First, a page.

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Renovating 60/700 Tasco

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#1 NewAstronomer

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Posted 30 September 2006 - 02:32 PM

I got a 60mm Tasco (700mm focal length) scope for free, planning on using for a guidescope for manually guiding. Wondering if anyone else tried to renovate one of these before?

Ok, the scope was uncovered in a basement for about 10-15 years, LOTs of dust, cobwebs, etc all over everything.

I got the lens cleaned, looks like no coatings, I noticed the "60mm" scope was stopped down to 1.2" via a metal ring in the OTA (nice trick! caught ya!). I popped that out with a hammer and metal tube.

I noticed the .965" focuser draw tube is also stopped down, should I try to remove that ? Can I pick up a 1.25" back for this scope somewhere (goal = cheap), or just get a .965 to 1.25" adapter and use my existing 1.25" diag with it ?

I used alcohol to clean the primary lens, man that took about 100 medical q-tips!
The finder scope lens fell on the floor as I unscrewed it, lol, it probably made an improvement, not using it anyway.

Any other advice during this ressurection?

EDIT: On second thought, I am guessing this stopper is actually a baffle? won't this baffle dim the image or is the light cone constricted to 1" or less by the time it gets 2/3 of the way down the tube ? Any harm in removing it?

#2 droid

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Posted 30 September 2006 - 04:39 PM

Chris; I also got a 60mm refractor, a bushnell sky cheif, and found it was stopped down to less than a quarter of an inch in hte focuser, I removed it. It already had two baffles in the tube, and is well blackened so I se no need for this tiny baffle, Ill let yah know what happenes,lol.

#3 NewAstronomer

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Posted 30 September 2006 - 04:48 PM

The baffle, does removing it increase lightn ttru-put or not? Any harm is removing it for guiding purposes? I'm thinking a nice coat of flat black paint inside and out of the tube will help with contrast instead.

#4 Darenwh

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Posted 30 September 2006 - 05:48 PM

Removing a baffle that is properly sized and placed will not increase light through put, except stray light through put. The purpose of the baffles is to block stray light entering from an angle into the tube. Will flocking provide simular protection? Yes, but probably not as good as true baffles. Can removing the baffles help brighten the image? Only if they are too small or too close to the objective, then they will effectively stop down the objective to make it perform like a smaller objective.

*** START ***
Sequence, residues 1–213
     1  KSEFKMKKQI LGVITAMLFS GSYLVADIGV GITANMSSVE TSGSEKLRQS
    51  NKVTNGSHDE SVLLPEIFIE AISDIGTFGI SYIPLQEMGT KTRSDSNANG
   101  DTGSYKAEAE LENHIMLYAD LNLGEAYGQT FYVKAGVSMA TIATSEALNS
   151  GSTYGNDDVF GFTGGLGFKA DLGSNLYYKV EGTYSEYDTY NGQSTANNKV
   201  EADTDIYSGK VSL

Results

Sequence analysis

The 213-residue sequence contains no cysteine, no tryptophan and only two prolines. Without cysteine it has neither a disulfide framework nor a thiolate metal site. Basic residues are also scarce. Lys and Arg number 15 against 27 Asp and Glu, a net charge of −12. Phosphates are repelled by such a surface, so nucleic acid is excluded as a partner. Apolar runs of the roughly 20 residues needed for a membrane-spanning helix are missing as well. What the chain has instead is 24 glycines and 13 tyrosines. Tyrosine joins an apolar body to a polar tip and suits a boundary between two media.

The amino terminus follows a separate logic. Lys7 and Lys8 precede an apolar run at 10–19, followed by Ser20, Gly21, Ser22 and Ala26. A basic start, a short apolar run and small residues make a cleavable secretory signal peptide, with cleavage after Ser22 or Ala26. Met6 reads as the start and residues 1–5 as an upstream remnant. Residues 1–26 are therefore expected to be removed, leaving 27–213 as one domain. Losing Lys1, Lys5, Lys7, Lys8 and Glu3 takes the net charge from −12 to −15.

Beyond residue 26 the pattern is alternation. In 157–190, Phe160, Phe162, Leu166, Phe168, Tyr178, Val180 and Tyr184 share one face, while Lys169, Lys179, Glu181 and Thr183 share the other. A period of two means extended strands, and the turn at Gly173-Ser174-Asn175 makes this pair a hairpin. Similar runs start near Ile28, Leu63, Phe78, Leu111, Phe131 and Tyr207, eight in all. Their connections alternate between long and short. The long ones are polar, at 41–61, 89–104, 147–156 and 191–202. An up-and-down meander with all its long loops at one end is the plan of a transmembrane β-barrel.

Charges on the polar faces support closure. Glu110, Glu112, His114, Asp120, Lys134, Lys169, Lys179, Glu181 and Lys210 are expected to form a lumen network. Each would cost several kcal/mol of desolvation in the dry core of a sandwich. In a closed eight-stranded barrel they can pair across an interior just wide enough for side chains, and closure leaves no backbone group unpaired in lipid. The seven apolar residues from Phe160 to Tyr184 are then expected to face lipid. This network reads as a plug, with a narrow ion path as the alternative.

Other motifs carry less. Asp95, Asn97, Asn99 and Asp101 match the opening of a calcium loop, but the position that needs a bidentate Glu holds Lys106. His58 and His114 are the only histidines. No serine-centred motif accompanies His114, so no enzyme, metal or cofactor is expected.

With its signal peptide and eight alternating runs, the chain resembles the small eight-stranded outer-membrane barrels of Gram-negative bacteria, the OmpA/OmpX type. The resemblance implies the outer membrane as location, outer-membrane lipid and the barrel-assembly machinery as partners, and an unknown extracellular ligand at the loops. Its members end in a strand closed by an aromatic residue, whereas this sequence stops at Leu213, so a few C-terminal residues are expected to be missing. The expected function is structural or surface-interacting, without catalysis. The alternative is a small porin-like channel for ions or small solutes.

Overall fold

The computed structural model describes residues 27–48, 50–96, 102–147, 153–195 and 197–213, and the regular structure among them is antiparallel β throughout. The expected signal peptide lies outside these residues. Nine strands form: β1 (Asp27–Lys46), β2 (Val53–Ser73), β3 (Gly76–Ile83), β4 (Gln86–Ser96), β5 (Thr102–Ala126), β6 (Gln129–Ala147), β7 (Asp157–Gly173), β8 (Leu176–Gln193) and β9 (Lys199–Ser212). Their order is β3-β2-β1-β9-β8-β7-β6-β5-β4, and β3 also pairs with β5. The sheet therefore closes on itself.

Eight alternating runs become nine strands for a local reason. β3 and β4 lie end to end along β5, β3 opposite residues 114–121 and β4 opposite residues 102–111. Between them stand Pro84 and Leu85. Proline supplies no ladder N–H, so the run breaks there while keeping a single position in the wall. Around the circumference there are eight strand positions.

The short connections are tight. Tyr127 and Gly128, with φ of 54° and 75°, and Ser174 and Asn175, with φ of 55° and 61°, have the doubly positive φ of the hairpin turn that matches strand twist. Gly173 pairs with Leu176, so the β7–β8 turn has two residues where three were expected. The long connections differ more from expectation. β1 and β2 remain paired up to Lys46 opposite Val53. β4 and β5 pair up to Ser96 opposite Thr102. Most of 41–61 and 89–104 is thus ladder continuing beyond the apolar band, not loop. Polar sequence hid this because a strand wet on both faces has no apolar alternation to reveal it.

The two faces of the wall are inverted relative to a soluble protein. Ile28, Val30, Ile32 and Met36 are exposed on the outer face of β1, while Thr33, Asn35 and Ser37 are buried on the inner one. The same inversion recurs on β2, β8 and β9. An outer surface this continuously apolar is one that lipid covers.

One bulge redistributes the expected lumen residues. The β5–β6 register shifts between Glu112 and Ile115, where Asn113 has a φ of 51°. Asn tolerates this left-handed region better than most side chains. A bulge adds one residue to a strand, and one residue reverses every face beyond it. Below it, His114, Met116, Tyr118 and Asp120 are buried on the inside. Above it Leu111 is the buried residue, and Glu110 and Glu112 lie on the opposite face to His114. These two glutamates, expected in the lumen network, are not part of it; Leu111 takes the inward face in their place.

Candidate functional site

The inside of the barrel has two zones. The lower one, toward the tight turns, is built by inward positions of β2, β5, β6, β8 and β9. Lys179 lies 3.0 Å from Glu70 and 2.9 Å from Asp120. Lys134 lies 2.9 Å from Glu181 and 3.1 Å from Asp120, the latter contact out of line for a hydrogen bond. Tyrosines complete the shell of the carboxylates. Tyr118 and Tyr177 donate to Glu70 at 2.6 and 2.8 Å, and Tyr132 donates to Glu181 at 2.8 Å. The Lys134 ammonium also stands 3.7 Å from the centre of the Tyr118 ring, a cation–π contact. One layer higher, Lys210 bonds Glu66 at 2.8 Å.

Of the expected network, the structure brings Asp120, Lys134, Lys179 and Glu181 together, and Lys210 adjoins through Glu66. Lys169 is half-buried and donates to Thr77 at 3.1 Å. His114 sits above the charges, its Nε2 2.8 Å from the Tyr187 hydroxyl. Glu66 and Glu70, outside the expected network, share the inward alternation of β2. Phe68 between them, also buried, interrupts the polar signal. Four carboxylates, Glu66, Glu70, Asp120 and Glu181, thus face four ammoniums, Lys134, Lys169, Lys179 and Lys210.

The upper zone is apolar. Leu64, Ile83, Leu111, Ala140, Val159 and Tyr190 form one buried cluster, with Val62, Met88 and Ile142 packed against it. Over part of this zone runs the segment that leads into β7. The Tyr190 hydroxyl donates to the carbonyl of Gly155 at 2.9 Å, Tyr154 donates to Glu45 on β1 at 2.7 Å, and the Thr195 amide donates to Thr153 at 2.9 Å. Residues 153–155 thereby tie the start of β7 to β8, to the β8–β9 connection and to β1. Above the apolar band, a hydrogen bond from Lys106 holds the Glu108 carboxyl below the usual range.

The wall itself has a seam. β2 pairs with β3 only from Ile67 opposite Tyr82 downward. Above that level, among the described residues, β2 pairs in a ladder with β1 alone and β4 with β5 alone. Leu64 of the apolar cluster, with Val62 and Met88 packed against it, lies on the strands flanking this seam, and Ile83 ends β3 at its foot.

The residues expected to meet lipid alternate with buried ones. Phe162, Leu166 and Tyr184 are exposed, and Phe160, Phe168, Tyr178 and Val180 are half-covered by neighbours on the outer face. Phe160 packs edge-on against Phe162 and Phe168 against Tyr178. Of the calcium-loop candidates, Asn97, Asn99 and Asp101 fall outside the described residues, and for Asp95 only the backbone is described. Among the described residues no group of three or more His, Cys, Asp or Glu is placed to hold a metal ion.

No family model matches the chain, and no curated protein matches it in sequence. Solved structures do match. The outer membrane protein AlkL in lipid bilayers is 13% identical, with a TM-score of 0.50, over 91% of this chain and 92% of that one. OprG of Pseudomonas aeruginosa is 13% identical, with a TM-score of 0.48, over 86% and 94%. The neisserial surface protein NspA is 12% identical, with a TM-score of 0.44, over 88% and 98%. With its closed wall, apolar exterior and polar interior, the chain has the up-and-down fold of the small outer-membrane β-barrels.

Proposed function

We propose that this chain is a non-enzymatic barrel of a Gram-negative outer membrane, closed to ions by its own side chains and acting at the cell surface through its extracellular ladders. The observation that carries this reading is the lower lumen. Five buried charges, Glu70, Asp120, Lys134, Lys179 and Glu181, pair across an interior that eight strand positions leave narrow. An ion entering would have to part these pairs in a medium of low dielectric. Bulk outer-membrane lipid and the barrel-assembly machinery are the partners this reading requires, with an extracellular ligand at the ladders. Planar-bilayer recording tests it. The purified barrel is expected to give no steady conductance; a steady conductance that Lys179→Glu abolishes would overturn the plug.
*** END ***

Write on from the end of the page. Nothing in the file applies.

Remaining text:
Daren

#5 NewAstronomer

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Posted 30 September 2006 - 07:13 PM

Thanks Darren, understood. This baffle wasn't too close, but man was it LARGE. It made it a 35mm scope instead of 60mm, so I'll try it without and I think I'll remove the draw tube baffle as well.

A good paint job is in order, I'll head to Lowes tomorrow. Going for a flat black down the tube. I'd like a "rubberized" paint for the exterior, not sure if they even have spray paint with that texture. I'l do a flat black in the interior over a coat of a texturized paint.

#6 Glassthrower

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Posted 30 September 2006 - 07:57 PM

Usually those intrusive baffles are in there for a reason - sometimes, it's because the the objective lens is poorly figured around the outer edge, so the vignetting is intentional. Although, it's very misleading to sell a 60mm scope that is actually a 35mm. You might end up with a brighter image by removing the baffle, but you might end up with a poorer image overall.

Just a thought...

Clear dark skies...

MikeG

Never hurts to try and find out though!

#7 Jae

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Posted 30 September 2006 - 08:20 PM

I look through the focus tube and try to see if I can see the objective len's full diameter. If a baffle is actually blocking part of the objective or very close to blocking, I use a flashlight to see which one is blocking it. Then I tap the baffle back a bit or remove it.